The Untracked World of Liquid Detergent Use in Commercial Washers
Accurately measuring the contents of commercial liquid detergent bottles.
Whilst laundry detergents are mostly heard of in the domestic household, they are just as important in the commercial context serving a range of industries such as hospitals, restaurants and hotels. Commercial washers operate on a much larger scale, washing heavier loads of up to 100 kg at faster speeds which consume more water and energy [ref]. Selecting the right type and amount of detergent is, therefore, more critical in these industries hence why auto-dosing pumps that feed accurate amounts of detergent have become an industry standard.
Although these pumps make operations more efficient, the plastic canisters that hold the variety of detergents are not monitored which can lead to poor stock management and potentially dispensing the wrong amounts, if the detergent runs out. Ultimately, this can create significant delays and worse ruin a customer’s laundry. Current liquid level monitoring solutions are incompatible with the viscous, corrosive liquid; and furthermore, non-contact sensors like ultrasound are not scalable for the number of bottles deployed. An easy-to-install, economical and accurate liquid level sensing solution for monitoring detergent levels is needed.
- The global liquid detergent market, where laundry detergents hold the largest market share, was valued at over $27 B in 2017 and is projected to reach $40.5 B by 2025. [ref]
- Within the global washing machine market valued at $23 B (2015), the commercial sector captures over 45% of the market revenue. [ref]
- In the US, there are over 2,500 industrial laundry businesses for linen alone (2022) [ref] and 18,264 laundromats (2022). [ref]
As commercial laundry machines process greater loads, their initial costs are significantly higher ranging from $800 to over $100 K as opposed to the average domestic machine at around $1,000 [ref]. The robust and larger drummed machines are therefore more suited for a wide range of commercial sectors that regularly need large volumes of laundry processed to a higher standard. These sectors include hotels, schools, hospitals, restaurants, laundromats, cruise ships, care homes, the military and some manufacturing plants [ref]. These sectors’ dependence on commercial laundry services has thus all contributed to the strong market growth of commercial detergents [ref].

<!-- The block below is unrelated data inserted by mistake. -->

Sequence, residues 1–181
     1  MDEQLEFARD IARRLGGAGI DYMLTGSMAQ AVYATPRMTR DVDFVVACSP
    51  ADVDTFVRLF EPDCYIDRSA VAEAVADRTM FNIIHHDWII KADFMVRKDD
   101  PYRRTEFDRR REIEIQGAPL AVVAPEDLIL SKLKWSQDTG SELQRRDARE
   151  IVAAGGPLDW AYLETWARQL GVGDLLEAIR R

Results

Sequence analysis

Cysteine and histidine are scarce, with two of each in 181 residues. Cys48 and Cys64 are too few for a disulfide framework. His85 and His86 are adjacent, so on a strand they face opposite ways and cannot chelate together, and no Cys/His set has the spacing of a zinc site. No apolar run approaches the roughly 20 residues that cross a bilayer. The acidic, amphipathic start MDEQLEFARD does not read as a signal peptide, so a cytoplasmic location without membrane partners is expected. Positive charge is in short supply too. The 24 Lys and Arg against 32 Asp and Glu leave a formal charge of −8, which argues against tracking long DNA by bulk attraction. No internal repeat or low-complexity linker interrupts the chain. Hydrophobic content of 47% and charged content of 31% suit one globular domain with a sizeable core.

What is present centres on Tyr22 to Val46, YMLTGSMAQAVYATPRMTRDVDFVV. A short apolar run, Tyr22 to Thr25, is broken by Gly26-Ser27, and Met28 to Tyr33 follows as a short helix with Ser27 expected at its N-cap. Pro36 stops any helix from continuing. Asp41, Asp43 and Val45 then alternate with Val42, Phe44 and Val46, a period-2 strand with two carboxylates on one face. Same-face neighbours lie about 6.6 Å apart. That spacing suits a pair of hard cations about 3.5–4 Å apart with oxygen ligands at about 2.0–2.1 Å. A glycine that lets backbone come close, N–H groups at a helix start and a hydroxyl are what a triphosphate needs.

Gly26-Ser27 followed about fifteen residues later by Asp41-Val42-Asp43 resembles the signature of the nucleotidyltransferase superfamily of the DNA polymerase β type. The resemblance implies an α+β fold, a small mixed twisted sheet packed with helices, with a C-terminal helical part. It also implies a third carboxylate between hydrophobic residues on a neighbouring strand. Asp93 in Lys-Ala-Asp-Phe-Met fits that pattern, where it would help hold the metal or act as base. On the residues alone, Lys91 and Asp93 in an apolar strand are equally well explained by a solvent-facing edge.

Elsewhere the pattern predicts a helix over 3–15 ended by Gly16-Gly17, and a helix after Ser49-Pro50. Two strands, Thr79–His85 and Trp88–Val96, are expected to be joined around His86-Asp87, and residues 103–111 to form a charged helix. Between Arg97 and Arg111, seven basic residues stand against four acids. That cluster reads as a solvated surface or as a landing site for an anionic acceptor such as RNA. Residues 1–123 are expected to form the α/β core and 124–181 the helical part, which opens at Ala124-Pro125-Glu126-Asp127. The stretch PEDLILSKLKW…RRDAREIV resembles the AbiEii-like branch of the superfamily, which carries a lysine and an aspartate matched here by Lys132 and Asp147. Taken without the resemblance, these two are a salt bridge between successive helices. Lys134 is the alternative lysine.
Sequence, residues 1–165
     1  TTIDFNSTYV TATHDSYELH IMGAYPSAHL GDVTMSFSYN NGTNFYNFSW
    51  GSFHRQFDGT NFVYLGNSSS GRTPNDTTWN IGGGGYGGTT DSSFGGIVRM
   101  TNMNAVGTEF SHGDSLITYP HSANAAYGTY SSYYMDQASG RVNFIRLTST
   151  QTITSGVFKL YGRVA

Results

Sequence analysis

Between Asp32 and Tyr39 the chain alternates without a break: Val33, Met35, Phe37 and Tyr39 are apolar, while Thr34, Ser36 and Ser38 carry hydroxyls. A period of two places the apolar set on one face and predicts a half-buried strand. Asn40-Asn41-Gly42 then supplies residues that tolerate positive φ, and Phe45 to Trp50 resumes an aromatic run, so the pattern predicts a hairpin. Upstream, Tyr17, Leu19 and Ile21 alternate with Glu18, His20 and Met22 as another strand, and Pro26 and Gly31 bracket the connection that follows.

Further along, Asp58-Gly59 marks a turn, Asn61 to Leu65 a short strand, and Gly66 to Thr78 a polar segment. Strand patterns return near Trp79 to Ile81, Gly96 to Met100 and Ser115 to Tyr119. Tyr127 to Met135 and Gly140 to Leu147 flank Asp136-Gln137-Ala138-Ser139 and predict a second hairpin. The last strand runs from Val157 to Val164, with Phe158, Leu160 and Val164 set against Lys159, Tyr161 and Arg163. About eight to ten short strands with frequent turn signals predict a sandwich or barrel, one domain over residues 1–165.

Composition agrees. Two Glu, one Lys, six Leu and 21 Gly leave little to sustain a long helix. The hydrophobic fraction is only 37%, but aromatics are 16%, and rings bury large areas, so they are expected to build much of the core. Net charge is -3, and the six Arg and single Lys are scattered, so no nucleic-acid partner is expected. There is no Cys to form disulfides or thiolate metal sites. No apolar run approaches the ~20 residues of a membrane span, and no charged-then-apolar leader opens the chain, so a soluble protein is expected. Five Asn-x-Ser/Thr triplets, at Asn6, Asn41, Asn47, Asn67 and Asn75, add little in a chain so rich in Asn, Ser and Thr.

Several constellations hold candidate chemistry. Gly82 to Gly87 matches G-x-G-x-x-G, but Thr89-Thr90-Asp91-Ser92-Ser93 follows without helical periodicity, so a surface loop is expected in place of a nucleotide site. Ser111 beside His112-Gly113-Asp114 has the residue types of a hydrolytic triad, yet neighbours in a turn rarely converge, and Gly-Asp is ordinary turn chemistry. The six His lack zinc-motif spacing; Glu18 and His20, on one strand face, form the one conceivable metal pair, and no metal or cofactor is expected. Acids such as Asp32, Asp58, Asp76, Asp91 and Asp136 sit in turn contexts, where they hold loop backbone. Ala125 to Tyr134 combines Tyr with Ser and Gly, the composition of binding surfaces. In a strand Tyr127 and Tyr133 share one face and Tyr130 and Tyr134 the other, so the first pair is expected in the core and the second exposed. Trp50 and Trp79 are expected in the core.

In the commercial laundry market, machines mostly use liquid consumables (not powder) for their better cleaning ability and easier management [ref]. One piece of equipment that has become essential for detergent management is an auto-dosing system. The auto-doser guarantees that the exact amount of laundry liquid is dispensed every time, mitigating the wastage from staff errors and spillages whilst also saving time [ref].
North America has the largest share of the commercial laundry market due to the high numbers of healthcare facilities in the US and Canada [ref]. Additionally, in the liquid detergent market, North America has matured with the largest share and a high product consumption [ref]. The Asia Pacific region is projected to see strong growth in both commercial laundry and liquid detergents from rapid urbanization, which has increased the number of hotels, restaurants and household income for washing machines [ref].